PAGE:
On our road trip, I finished with approximately 80 miles of power left. The cars were then charged overnight at the hotel for a full charge.

Important note: If you buy a 2020 Chevy Bolt EV, you are going to want the fast-charge option included. That means you can charge up to 100 miles in a half-hour or a full charge in approximately 2 hours. Otherwise, charging can take some hours. That’s not a big deal if you charge at home and return home all the time but if you’re on a road trip of more than 250 miles, it can be a big deal. On our road trip, the Tolovana Inn in Cannon Beach had chargepoints available and they recharged all night.

The MyChevy app, which can be linked to your car, will search and find all types of charge stations for you, as will some third-party apps, such as ChargePoint. MyChevy can also plan your route around charging stations for longer road trips. It can sound intimidating but, after all, you have to plan to stop for gas on road trips as well. The Bolt will require more planning, as there’s obviously fewer public charging stations than gas stations but searching on ChargePoint bought up at least three public charging station within 15 miles of my house, which surprised me, so those are going to be available somewhere close on whatever route you take. For instance, I checked ChargePoint for stations along one of our routes to a vacation place in Myrtle Beach and I came up with numerous ones along the way.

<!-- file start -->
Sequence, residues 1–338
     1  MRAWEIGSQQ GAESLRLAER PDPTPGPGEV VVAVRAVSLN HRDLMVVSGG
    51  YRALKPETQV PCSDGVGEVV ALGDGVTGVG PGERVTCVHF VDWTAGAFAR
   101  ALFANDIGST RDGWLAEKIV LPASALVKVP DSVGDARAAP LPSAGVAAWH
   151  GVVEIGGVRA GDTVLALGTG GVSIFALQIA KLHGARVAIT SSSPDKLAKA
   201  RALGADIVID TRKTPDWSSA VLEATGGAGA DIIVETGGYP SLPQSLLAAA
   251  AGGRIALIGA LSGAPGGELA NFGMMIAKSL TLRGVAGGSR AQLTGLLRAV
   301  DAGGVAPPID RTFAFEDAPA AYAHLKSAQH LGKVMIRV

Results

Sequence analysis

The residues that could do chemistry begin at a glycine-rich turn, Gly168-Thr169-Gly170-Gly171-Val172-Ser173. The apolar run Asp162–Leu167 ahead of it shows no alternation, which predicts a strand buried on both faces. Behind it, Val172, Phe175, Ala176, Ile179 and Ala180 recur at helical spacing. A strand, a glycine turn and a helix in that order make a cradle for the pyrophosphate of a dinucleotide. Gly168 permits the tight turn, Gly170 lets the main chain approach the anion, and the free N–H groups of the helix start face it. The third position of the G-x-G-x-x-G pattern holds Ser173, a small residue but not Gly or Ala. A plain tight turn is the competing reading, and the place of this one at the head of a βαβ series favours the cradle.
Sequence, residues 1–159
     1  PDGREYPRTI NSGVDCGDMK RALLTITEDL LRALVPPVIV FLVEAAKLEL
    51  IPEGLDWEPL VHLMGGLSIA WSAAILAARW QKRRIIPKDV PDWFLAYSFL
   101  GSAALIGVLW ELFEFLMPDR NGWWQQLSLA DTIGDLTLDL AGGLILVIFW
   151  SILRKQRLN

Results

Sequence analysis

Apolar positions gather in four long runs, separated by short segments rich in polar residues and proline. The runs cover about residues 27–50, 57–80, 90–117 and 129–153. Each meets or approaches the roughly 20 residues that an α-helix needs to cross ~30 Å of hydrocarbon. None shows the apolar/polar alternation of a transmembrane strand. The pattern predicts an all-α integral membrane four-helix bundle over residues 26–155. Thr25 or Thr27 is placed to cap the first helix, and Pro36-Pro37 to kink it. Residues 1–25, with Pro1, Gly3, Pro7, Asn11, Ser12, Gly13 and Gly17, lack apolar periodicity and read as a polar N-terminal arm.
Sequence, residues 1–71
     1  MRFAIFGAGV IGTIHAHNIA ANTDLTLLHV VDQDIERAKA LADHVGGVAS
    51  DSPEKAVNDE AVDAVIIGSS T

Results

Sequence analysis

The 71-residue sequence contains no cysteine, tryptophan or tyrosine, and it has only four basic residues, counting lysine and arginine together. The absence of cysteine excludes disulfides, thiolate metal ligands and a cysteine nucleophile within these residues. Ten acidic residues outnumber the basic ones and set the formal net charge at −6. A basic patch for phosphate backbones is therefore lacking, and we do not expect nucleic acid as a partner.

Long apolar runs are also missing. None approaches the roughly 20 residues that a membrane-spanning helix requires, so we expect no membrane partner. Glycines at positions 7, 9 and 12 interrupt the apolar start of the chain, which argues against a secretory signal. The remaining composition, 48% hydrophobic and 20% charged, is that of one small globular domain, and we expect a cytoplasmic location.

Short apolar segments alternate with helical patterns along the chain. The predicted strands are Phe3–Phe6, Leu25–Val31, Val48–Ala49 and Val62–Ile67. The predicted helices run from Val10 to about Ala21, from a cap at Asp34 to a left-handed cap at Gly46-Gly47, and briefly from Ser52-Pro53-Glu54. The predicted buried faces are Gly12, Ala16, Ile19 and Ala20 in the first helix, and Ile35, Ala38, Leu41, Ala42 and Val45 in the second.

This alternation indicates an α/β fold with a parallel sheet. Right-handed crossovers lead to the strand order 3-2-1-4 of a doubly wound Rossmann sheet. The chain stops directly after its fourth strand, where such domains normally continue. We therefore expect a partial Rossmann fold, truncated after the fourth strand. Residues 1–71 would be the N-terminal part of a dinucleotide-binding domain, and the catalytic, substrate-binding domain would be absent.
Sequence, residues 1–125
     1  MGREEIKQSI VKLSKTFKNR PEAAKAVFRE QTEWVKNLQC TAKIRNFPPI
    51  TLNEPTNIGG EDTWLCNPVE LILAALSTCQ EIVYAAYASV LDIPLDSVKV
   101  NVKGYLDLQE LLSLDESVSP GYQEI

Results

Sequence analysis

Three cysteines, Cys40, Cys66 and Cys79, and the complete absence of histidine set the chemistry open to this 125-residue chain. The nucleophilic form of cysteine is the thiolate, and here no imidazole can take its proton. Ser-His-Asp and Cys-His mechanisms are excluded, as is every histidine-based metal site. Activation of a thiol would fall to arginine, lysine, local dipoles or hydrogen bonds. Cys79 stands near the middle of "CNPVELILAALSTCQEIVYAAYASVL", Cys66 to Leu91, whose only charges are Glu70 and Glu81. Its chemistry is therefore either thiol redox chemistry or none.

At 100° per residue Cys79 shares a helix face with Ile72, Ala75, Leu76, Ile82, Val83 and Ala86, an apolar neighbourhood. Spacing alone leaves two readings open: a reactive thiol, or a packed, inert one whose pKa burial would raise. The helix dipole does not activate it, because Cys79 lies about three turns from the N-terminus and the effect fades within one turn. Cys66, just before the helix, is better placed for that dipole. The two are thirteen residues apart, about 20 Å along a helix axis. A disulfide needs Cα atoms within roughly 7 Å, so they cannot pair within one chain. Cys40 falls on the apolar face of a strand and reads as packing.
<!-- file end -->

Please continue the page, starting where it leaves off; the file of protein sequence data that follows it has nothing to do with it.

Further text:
For local driving, if you have a charge station available at your home or work, running out of power would not be an issue. Several companies near me have charging station parking slots that I’ve noticed mostly stand empty during the day.

How much will it cost? It depends. It can cost more than a car, especially at the fast-charging stations, but not a huge amount more. It may affect your budget if you are someone who takes trips longer than 250 miles as a matter of course. But if you charge at home on a routine basis, the electricity will be cheaper than gas.